At the time of conducting this research, Jenni Newton had 17 years of palliative care experience, mainly within the hospice setting, both from clinical and managerial points of view, and was involved in day care, in-patient unit and bereavement service settings and in the management of community clinical nurse specialists and hospice at home settings.
Evaluation of the currency of the Davies and Oberle (1990) model of supportive care in specialist and specialised palliative care settings in England
Version of Record online: 22 JUL 2013
© 2013 John Wiley & Sons Ltd
Journal of Clinical Nursing
Volume 23, Issue 11-12, pages 1662–1676, June 2014
How to Cite
Newton, J. and McVicar, A. (2014), Evaluation of the currency of the Davies and Oberle (1990) model of supportive care in specialist and specialised palliative care settings in England. Journal of Clinical Nursing, 23: 1662–1676. doi: 10.1111/jocn.12301
- Issue online: 25 APR 2014
- Version of Record online: 22 JUL 2013
- Manuscript Accepted: 30 JAN 2013
- advanced practice;
- clinical nurse specialist;
- evaluation research;
- models of nursing;
- palliative care;
- supportive care
Aims and objectives
To evaluate the extent to which the Davies and Oberle (1990) model of supportive nursing has currency across specialist and specialised care settings in England.
The model describes attributes of palliative nursing for practice and associated educational curricula. It is influential but predates introduction of specialist/specialised care. Its applicability in contemporary care settings has not been evaluated.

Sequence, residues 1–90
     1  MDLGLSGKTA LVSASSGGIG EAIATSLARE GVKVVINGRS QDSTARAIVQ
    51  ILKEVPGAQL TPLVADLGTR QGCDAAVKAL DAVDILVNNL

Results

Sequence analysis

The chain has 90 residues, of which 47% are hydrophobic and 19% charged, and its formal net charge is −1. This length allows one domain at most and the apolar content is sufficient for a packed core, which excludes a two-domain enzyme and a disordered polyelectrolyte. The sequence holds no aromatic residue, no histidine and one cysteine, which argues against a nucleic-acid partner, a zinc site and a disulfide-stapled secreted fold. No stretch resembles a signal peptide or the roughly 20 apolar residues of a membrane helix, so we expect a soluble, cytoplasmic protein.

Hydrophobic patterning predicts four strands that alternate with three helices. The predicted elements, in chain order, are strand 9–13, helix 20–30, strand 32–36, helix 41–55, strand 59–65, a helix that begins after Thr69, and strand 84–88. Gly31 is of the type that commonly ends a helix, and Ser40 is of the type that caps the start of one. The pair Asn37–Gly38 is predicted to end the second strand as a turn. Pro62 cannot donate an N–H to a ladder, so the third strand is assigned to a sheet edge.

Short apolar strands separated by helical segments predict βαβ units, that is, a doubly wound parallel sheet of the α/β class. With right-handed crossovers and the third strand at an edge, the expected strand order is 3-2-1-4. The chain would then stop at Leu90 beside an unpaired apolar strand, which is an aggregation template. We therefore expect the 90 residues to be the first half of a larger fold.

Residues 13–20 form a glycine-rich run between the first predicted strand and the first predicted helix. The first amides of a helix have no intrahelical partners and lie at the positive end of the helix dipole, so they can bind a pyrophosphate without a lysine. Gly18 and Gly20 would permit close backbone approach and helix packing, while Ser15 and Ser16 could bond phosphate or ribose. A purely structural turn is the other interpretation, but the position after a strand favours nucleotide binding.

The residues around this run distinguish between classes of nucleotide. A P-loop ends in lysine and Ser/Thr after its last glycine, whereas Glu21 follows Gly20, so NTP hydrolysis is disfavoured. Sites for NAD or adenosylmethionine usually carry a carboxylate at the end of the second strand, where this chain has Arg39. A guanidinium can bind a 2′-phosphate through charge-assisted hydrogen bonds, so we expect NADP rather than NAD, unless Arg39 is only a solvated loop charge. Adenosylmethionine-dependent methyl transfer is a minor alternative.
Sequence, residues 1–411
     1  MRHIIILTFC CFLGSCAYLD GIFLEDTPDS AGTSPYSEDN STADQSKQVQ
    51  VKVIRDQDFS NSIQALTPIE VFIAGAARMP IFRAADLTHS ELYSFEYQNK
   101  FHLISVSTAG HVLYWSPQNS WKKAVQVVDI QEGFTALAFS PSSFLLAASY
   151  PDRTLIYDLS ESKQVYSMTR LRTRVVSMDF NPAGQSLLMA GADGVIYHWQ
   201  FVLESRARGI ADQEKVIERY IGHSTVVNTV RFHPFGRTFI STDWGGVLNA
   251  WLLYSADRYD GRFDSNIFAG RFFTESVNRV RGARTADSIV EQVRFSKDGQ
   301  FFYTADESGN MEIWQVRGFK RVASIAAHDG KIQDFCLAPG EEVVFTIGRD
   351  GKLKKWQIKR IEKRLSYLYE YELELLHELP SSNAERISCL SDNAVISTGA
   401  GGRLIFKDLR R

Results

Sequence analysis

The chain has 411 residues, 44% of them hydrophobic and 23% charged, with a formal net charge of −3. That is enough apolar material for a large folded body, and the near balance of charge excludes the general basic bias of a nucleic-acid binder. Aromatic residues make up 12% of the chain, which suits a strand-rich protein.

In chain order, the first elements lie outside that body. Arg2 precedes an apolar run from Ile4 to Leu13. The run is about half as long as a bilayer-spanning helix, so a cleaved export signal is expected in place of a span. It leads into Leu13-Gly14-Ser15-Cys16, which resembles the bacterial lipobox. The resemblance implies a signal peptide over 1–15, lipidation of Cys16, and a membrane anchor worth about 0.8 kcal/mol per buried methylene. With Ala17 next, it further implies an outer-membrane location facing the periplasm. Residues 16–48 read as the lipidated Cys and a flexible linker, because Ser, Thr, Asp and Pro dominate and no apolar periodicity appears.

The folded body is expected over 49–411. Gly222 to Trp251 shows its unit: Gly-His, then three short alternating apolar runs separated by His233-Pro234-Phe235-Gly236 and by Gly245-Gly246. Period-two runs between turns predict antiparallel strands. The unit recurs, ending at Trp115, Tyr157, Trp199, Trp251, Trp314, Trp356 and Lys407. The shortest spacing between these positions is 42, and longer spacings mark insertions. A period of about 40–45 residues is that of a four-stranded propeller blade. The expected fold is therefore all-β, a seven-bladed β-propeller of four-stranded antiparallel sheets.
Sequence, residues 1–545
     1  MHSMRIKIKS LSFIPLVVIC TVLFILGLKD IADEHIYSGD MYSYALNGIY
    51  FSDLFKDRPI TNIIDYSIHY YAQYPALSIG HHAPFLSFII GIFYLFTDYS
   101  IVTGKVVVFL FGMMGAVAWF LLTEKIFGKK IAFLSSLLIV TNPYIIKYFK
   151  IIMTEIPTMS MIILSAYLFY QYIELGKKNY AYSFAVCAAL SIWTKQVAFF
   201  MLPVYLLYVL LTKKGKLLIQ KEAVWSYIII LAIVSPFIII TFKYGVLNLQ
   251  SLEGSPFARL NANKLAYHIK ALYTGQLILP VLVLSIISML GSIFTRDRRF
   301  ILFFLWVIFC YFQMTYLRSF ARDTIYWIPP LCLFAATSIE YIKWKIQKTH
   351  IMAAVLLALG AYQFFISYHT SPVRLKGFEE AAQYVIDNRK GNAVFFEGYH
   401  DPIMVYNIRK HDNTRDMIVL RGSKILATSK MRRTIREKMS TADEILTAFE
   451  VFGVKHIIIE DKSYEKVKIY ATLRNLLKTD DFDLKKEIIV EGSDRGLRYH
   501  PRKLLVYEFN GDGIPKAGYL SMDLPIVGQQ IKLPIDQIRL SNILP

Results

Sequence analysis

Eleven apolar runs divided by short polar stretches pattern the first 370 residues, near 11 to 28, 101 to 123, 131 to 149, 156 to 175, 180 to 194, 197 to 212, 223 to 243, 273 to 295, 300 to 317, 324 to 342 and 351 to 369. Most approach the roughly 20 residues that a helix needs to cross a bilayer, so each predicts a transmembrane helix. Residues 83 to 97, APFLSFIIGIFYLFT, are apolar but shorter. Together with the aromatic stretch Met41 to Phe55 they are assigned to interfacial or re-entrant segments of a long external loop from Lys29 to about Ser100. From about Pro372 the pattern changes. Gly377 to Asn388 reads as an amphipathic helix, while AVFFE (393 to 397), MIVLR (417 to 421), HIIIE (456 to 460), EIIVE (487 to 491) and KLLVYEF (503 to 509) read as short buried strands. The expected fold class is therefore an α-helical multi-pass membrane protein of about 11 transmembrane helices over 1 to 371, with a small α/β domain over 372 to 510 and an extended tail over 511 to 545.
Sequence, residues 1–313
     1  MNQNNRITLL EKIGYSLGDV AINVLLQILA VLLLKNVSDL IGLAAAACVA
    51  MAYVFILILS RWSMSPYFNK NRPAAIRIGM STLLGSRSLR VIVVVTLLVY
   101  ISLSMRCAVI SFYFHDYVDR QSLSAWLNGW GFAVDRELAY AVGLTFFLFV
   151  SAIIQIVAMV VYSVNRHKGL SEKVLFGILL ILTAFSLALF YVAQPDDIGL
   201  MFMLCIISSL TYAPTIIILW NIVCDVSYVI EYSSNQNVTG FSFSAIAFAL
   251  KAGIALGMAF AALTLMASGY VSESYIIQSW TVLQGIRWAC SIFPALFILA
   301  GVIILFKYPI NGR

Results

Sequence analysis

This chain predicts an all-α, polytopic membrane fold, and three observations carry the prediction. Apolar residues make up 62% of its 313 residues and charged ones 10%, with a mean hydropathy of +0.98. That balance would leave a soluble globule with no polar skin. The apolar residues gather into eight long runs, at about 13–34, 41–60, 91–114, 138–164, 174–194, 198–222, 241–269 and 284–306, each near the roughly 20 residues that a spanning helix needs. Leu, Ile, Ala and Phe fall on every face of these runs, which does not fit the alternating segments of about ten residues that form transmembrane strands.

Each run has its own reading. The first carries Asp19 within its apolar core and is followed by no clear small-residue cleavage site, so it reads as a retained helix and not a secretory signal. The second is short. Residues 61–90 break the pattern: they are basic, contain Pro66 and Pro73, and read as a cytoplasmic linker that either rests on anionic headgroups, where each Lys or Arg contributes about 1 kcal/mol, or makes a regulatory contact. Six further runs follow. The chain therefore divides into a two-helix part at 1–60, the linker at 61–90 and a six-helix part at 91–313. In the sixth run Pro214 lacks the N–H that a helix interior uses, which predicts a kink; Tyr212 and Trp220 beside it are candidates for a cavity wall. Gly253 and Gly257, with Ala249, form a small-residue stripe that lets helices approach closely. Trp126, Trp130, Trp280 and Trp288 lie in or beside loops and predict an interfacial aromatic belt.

Evaluation was undertaken using sequential mixed methods, predominantly qualitative. Data collected during 2008–2009.
Four stages: (1) focus groups involving hospital and community palliative clinical nurse specialists and nurses from three hospice settings (total = 25) to identify setting-specific characteristics, (2) survey of nurses (n = 48 respondents/31%) with follow-up interviews (n = 25) to identify congruence with the model, (3) interviews with patients (n = 6) and carers (n = 13) for practice evidence and (4) reconvened focus groups (n = 19 nurses) for confirmation.
All major dimensions were evidenced. ‘Connecting’ had reduced emphasis in the hospital setting where specialist nurses spend limited time with patients, but diminishing time to ‘connect’ with patients and carers as service develops could potentially become problematic across all settings. Two new dimensions (‘Displaying expertise’ and ‘Influencing other professionals’) with subdimensions (e.g. ‘Advanced communication skills’) are proposed as additions to reflect advanced practice. Further new subdimensions (‘Making the assessment’, ‘Prioritising’, ‘Agreeing the plan’) are suggested to be best aligned with the existing dimension ‘Connecting’.
A revised model of supportive care incorporating dimensions of advanced nursing has currency in contemporary specialist/specialised care settings, although evaluation is required as to the actual impact of the model on care outcomes. ‘Connecting’ is currently being affected by pace of work and lateness of referrals.
Implications for practice
‘Spending time’ is increasingly difficult to sustain so challenging nurses as to how they may continue to ‘connect’ with patients as service delivery continues to change.